Thursday 5 August 2021

Go to goaty

Friends [home-ed, Birkenstocks, rice-cakes, GIY] of ours kept goats when their kids were small. The milk was acceptable so long as it was super fresh and cold. After a day or two, even in the fridge, the girls would screw up their faces at the whiff. That same child-challenging aroma is what makes goat cheeses an interesting addition to the cheese-board. There are three medium-chain fatty acids whose name is derived from Capra hircus. Fatty / carboxylic acids all have a carboxyl COOH group at one end which is quite reactive and dietary "fat" typically attaches the COOH to glycerol leaving a chain of hydrocarbon hanging off the end. 

  • capric acid aka decanoic acid has ten carbons [MP 31°C]
  • caprylic acid = chain 8 C long [MP 16°C]
  • caproic acid = chain 6 C long [MP -4°C]

All three of these goaty fatty acids are "saturated" - all the carbons are fully charged with hydrogens. Saturation and length both contribute to solidifying the acids and their compounds. The melting points in the list above imply a linear relationship between chain length and MP, but it's more complicated than that with acetic acid being solid at roomish temperature. Unsaturated fats have double bonds between some of the carbons making them a bit more flexible and less viscous. For completeness, I've mentioned SCFAs in a takedown about the number of diets which depend more on assertion than evidence. SCFAs have fewer carbons in the side chain: formic C; acetic CC; proprionic CCC; butyric CCCC [as in butter]; valeric CCCCC.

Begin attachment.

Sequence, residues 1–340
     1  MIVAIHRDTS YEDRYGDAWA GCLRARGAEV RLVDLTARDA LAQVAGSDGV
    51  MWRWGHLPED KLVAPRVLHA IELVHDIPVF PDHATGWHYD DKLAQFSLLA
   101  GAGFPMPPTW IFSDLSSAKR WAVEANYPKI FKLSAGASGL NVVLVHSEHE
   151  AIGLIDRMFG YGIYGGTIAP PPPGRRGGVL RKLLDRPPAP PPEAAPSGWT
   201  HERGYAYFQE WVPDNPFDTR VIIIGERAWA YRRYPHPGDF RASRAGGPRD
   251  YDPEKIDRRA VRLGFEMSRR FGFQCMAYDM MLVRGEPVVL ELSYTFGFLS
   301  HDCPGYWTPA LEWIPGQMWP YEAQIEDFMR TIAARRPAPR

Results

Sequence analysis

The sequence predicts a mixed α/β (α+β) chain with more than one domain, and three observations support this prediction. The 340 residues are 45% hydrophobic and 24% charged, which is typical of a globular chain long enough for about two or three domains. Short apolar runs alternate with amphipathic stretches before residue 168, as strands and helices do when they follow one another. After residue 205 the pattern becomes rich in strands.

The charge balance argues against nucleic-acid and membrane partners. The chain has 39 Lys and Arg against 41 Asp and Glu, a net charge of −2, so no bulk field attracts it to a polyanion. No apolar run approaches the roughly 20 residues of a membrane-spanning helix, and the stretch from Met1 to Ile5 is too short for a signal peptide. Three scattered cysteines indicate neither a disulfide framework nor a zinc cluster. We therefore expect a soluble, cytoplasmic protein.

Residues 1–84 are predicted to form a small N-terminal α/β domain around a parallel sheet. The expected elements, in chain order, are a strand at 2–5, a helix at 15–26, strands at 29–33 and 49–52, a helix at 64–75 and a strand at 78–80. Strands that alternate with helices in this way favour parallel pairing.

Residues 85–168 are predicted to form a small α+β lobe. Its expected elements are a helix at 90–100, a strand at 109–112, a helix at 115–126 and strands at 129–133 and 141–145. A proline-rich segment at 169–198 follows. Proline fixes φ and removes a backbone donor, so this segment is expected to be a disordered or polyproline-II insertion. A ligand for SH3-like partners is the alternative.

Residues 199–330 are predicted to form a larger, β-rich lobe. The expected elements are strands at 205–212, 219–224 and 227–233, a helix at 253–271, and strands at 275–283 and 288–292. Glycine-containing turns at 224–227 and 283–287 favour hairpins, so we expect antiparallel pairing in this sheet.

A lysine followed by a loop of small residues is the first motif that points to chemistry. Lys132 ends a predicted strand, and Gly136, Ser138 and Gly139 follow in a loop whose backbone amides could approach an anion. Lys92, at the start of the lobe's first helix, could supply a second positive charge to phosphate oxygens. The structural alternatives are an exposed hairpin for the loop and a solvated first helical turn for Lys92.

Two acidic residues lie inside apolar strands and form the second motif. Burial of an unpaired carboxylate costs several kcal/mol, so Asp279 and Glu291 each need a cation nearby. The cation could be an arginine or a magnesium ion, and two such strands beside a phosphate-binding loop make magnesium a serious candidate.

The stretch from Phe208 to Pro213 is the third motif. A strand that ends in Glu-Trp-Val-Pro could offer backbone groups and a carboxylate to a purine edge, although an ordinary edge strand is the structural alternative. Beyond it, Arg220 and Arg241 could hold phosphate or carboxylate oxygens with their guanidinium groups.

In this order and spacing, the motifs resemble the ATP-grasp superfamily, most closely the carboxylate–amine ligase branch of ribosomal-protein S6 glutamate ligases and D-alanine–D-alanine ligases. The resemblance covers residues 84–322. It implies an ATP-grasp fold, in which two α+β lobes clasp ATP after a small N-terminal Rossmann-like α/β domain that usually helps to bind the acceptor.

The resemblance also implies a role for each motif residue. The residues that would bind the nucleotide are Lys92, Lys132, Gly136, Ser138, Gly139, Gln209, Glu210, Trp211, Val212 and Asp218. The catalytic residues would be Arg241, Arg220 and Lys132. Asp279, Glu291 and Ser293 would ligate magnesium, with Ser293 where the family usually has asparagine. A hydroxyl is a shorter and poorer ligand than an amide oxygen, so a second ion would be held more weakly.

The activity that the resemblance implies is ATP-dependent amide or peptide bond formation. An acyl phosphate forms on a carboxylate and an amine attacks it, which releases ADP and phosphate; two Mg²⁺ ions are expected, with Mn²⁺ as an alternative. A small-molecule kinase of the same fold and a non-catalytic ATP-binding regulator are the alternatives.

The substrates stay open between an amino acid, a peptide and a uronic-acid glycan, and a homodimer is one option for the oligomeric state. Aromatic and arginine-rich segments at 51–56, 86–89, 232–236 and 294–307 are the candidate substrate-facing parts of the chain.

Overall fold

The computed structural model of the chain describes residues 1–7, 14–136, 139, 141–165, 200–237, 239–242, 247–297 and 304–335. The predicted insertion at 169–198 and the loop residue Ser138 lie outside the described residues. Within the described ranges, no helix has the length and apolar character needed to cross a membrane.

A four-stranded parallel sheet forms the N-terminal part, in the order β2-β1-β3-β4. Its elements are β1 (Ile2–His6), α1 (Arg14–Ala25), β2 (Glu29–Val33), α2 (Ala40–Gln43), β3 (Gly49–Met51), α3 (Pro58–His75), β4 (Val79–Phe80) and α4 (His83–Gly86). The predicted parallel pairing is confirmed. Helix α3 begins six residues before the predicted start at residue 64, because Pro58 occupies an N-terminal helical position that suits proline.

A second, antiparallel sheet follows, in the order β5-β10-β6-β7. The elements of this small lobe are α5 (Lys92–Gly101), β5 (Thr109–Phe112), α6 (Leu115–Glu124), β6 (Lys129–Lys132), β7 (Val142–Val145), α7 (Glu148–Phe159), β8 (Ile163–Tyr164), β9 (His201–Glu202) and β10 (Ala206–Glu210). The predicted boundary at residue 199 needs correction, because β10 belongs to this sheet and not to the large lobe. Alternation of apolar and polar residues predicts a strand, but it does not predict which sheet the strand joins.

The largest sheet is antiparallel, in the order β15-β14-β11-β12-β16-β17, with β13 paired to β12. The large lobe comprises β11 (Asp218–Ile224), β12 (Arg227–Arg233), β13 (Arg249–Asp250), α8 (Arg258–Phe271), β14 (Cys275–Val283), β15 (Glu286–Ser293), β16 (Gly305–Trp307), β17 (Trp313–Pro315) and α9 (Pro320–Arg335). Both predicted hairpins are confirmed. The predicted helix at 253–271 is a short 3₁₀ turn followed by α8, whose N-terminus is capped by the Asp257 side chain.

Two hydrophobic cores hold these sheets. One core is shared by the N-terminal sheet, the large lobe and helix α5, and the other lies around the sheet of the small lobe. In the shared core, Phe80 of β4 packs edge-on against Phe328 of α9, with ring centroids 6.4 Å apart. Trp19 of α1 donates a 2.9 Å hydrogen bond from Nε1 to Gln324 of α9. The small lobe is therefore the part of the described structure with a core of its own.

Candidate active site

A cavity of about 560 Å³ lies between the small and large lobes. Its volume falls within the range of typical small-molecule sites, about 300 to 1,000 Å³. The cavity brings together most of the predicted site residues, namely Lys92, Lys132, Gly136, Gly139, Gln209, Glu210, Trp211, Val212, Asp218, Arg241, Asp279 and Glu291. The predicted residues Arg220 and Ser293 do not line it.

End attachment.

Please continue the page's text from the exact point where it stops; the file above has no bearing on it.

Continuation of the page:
Mammal milk is widely different in fat content, let alone exactly what fatty acids are present, and there is some evidence that MCFAs are anti-fungal and/or pre-biotic - encouraging the growth of good gut bacteria. Capric acid is also found in plants; especially coconut [10%].  If you have a well-trained microbiome, then high fibre diets will naturally ferment to produce a) SCFAs and b) gas. If you are a) 12 years old b) a boy it is therefore acceptable to talk about short chain farty acids. Note kids are adorable.

No comments:

Post a Comment